The Ombudsman Augustine Makgonatshotlhe, has told the parliamentary committee on governance and oversight that the number of cases they have opened and closed has gone down because of Covid-19.
While giving his report to the parliamentary committee chaired by Mabuse Pule, Member of Parliament (MP) for Mochudi East and the Deputy Speaker of the National Assembly, Makgonatsotlhe said this year they did not resolve as many cases.
“Cases received in 2020/21 were 472, and these were your general complaints from the public,” he said. Cases opened and closed in 2020/2021 were 232, and these are cases the Ombudsman has dealt with, giving, a resolution rate of 49.2%. “Cases carried forward previous years were 629 or you may call it backlog,’ Makgonatshotlhe said.
Assistant Minister for Presidential Affairs, Governance and Public Administration, Dumezweni Mthimkhulu in parliament last year said, during the financial year 2019/20, the Office of the Ombudsman registered a total of 483 new complaints. “Out of this total, 195 complaints were resolved as of November 2019, representing a resolution rate of 40 per cent,” Mthimkhulu said. That being the case, “the office of the Ombudsman has been grappling with a huge backlog of cases from previous years and has in the last financial year, recorded a huge reduction of backlog cases as it recorded a 91.8 per cent backlog resolution rate.”
The assistant minister said this positive achievement by the ombudsman in backlog resolution was made possible by closer engagement of the ombudsman with ministries and departments to deepen understanding of the process of complaint resolution.
So, then why the drop this year? “I remember at one time we did say that we had managed to deal sufficiently with our backlog, and we had high percentages in terms of backlog resolution,” the ombudsman said. “But this time around we are going down, for various reasons, one of them is because last year there was Covid-19 pandemic which affected our operations like any other government departments and agencies,” he added.
Statistics of opened cases at the ombudsman indicate that complaints against different ministries vary, with some ministries generating greater numbers of complaints than others. Makgonatsotlhe told Pule and his committee that the Ministry of Defence, Justice and Security had a total of 111 complaints mainly against the Administration of Justice, the Prisons Department and the Botswana Police Service. “Most of these complaints are from the criminal justice system pertaining to delays in bail applications, appeal hearings, and delayed case records, which are the starting point for any appeal,” he said.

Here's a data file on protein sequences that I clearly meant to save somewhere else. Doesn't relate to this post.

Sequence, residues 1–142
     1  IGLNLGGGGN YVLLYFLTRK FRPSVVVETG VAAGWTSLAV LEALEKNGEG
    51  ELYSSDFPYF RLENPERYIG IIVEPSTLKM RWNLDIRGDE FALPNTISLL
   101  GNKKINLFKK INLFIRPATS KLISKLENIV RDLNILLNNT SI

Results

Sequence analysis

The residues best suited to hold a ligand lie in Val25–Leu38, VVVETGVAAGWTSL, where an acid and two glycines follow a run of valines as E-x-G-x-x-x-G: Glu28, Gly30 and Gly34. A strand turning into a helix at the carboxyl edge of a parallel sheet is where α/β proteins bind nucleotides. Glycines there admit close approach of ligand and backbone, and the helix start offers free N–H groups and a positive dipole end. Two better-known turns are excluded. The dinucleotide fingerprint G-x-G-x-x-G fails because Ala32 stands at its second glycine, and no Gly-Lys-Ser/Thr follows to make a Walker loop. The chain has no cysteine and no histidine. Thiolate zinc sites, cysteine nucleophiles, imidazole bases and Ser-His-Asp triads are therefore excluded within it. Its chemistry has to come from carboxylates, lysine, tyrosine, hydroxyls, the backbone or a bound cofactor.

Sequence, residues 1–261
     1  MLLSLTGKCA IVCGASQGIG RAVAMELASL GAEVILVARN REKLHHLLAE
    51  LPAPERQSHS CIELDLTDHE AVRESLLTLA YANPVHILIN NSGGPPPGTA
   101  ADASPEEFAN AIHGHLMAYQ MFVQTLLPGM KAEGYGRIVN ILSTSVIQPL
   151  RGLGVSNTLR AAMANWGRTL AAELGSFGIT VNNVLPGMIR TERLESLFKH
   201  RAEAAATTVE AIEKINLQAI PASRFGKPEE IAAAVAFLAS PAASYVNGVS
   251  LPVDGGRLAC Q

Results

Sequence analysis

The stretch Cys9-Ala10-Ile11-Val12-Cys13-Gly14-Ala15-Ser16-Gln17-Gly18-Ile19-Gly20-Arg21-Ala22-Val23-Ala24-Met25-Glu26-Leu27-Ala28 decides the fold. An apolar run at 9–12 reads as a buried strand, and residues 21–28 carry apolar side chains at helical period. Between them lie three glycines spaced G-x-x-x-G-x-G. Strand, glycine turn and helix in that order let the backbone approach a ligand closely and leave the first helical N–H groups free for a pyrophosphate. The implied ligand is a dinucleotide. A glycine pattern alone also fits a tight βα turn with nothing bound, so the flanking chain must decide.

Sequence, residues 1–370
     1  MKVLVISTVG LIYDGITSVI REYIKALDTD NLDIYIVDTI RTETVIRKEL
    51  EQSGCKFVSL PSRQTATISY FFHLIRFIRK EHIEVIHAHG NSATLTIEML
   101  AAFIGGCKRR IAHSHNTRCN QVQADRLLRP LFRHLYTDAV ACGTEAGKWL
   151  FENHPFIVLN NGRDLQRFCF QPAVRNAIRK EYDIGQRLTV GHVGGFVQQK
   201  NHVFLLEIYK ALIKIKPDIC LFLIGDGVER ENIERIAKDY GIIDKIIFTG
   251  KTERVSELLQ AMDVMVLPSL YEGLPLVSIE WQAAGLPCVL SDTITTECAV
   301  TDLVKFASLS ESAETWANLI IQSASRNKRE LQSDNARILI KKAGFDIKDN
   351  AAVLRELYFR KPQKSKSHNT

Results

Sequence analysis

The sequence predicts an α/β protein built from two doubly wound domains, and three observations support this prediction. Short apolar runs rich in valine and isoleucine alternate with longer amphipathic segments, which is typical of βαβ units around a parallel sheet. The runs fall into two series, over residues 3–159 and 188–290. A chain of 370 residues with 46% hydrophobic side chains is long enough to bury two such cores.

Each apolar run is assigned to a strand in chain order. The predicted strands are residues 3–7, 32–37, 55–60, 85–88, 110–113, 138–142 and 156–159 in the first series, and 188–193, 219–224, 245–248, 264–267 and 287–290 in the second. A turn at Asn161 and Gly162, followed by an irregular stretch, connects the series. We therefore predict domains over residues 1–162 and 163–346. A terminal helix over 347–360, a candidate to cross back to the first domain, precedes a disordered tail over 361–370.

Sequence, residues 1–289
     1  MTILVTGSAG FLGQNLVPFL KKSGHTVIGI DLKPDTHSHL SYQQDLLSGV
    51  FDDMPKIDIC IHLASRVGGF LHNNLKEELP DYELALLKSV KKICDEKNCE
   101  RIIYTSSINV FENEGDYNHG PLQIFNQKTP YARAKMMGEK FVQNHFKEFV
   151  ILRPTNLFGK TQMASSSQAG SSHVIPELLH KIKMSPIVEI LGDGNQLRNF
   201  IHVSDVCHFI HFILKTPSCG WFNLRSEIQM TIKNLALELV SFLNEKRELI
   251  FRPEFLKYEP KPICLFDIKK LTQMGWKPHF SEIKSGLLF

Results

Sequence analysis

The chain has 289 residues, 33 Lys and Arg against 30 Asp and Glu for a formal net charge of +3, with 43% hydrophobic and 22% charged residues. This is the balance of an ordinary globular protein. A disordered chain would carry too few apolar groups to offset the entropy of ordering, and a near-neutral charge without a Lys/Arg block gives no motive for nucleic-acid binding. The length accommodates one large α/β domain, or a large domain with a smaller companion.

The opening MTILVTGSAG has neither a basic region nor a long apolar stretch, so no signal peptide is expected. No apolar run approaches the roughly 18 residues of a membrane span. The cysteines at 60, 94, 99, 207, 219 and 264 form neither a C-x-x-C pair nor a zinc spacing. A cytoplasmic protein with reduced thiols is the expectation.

Makgonatshotlhe added that the delays by ministries to respond to enquiries and also to effect corrective action causes a backlog of complaints and thereby increase the caseload and the workload per investigator. The ombudsman’s office is also incapacitated, with the ratio of cases per investigator standing at 80:1, which places Botswana as one of the countries in Southern Africa to be overladen with complaints.
Makgonatshotlhe said the failure or delays in effecting corrective action is again an indictment on public administration it perpetuates maladministration and injustice to complainants.
The Ministry of Local Government and Rural Development had the second-highest number of cases at 67 arising mainly from local authorities and to some extent ministry headquarters. The Ministry of Health and Wellness followed at 58 complaints whilst the Ministry of Basic Education generated 52 complaints.
On the lower scale, the office of the ombudsman received no complaints against the Ministry of Foreign Affairs, two complaints against the Ministry of Nationality, Immigration and Gender Affairs, and three complaints from the Ministry of Youth Empowerment, Sport and Culture Development.
Makgonatshotlhe reminded MPs of Botswana’s biggest education blunder, purveyed by former tertiary education minister Unity Dow. Part of the ombudsman’s strategy is to conduct systemic investigations, just like the Department of Tertiary Education Financing (DTEF), the Botswana Qualifications Authority (BQA) and Civil Aviation Authority (CAAB) case.
“The investigation revealed acts of maladministration and gross irregularities in IAS having been listed as an accredited local private institution by DTEF whilst not qualifying as such, and BQA proceeding to instantly grant it accreditation with no regard to their legally binding accreditation instrument, further CAAB supporting the accreditation by a clearance letter which was unprocedural in terms of the certification process and which in effect exerted undue influence on BQA,” Makgonatsotlhe said. To Pule’s dismay, the ombudsman revealed that as a result, the government lost P155 089 030.05 while students were left with no qualification and an uncertain future.